Friday, September 25, 2009

we better keep an eye on this one.

Right now, it’s the little moments that matter.

Like when the cats scrambled passed me after hearing the clank…. clank. “OHH MAN.” clank. (silence) wooooooshhhhh. clankclankclankclankclankclank as the twenty-four pack of Dr. Pepper fell off the shelf and slammed into the tile, flooding the pantry in a sea of carbonation. Like when we (C2 and I) then spent a good fifteen minutes on our knees laughing and mopping as another can exploded and sprayed sticky liquid in our hair. Like when he asked if he’d get in trouble because of the accident. Asked if that sort of thing had ever happened to me before. Asked if I could relate.

Or yesterday, when C2 started cracking up as acorns rained down from the tree I read beneath, giggling as I dodged the pellets that flew toward my head at angles which could only have come from a family of vindictive squirrels spread out all over the branches to take their shots. And when he covered his head and explained how “A squirrel attacked me one time. It hurt… He scratched my arm and stuff. Like this.” Like that. My forearm may forever be scarred. But he wanted me to understand so, as inspired by an angry rodent, he dug his nails into my skin and let me feel it too.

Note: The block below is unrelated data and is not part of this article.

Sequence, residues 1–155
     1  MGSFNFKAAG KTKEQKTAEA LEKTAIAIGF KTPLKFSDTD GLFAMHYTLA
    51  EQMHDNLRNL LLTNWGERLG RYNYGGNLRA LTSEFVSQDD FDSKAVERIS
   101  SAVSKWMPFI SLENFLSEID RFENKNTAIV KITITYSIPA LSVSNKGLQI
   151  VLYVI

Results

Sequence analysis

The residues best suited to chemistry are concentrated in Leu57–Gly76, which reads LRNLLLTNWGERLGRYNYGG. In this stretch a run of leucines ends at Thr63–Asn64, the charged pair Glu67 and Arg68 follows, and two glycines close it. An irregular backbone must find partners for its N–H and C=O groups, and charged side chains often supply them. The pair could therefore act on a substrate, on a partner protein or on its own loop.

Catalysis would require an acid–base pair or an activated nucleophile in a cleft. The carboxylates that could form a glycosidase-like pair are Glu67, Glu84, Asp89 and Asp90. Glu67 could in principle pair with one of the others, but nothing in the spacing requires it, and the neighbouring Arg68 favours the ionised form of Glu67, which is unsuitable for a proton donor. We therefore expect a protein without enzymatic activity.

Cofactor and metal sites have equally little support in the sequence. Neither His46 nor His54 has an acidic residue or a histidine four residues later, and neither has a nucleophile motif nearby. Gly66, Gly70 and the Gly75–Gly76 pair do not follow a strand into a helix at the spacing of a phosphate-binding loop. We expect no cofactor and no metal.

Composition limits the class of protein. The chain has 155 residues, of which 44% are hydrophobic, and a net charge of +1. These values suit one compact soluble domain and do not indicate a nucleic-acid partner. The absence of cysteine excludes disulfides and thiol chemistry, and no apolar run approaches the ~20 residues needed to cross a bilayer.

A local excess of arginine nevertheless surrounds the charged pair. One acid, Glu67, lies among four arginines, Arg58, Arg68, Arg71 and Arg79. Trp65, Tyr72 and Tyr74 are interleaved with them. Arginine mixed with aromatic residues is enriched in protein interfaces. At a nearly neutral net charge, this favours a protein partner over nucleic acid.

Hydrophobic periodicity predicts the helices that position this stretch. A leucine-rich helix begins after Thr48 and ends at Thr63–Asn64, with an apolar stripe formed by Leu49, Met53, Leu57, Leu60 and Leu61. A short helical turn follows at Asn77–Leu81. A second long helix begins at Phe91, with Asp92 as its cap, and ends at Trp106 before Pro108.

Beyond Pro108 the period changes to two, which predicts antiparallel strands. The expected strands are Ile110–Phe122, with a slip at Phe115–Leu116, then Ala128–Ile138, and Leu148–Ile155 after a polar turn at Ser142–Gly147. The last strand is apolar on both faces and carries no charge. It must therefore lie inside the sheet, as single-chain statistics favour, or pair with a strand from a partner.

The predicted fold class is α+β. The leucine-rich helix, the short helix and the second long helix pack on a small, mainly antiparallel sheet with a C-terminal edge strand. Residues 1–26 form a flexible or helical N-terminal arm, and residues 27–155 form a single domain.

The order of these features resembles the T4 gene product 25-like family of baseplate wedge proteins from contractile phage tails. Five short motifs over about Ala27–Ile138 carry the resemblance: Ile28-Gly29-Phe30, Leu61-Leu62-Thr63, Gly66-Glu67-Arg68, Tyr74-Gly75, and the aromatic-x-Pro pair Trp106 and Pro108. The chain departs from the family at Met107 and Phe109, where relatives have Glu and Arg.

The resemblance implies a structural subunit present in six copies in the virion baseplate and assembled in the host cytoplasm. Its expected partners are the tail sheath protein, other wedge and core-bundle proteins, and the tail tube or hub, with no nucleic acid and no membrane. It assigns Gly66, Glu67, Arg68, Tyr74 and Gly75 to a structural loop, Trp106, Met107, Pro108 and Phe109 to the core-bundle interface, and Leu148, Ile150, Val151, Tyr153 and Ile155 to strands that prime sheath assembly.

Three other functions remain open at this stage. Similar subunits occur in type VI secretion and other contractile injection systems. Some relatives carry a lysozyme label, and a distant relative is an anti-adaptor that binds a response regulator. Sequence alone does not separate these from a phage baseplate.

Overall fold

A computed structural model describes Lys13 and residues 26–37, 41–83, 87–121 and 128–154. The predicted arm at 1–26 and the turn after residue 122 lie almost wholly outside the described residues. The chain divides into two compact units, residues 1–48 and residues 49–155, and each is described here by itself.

We spend more and more time together, and his stories burst out. I’m supposed to catch each one and toss it back. He watches my throw, watches to see if I can get it back to him on target. If I’m paying attention. If I understand. The everyday stories have become the deciding move: if he makes the pitch, and I let it fly by because it’s "trivial" and "unimportant", I’m out of the game.

Because the little moments determine whether or not he’ll ask later about a problem that's "meaningful", that matters even to people older than eight. These day-to-day, ordinary situations determine whether or not my young friend will hurl a heavier topic my way with the confidence that I’ll be there to snag it. That I’ll be on the other end to hold on to what he throws until he wants it back.

Most likely I will have never played the position he asks for, but generally all that's needed is someone in the outfield, someone to keep him from playing alone. That's what matters.

“GOD, …I'm an open book to You; even from a distance, You know what I'm thinking. You know when I leave and when I get back; I'm never out of Your sight. You know everything I'm going to say before I start the first sentence. I look behind me and You're there, then up ahead and You're there, too — Your reassuring presence, coming and going. You know me inside and out….” (Psalm 139)


Abby Fields said...

I love your Nanny Diaries! Keep it up! :-)

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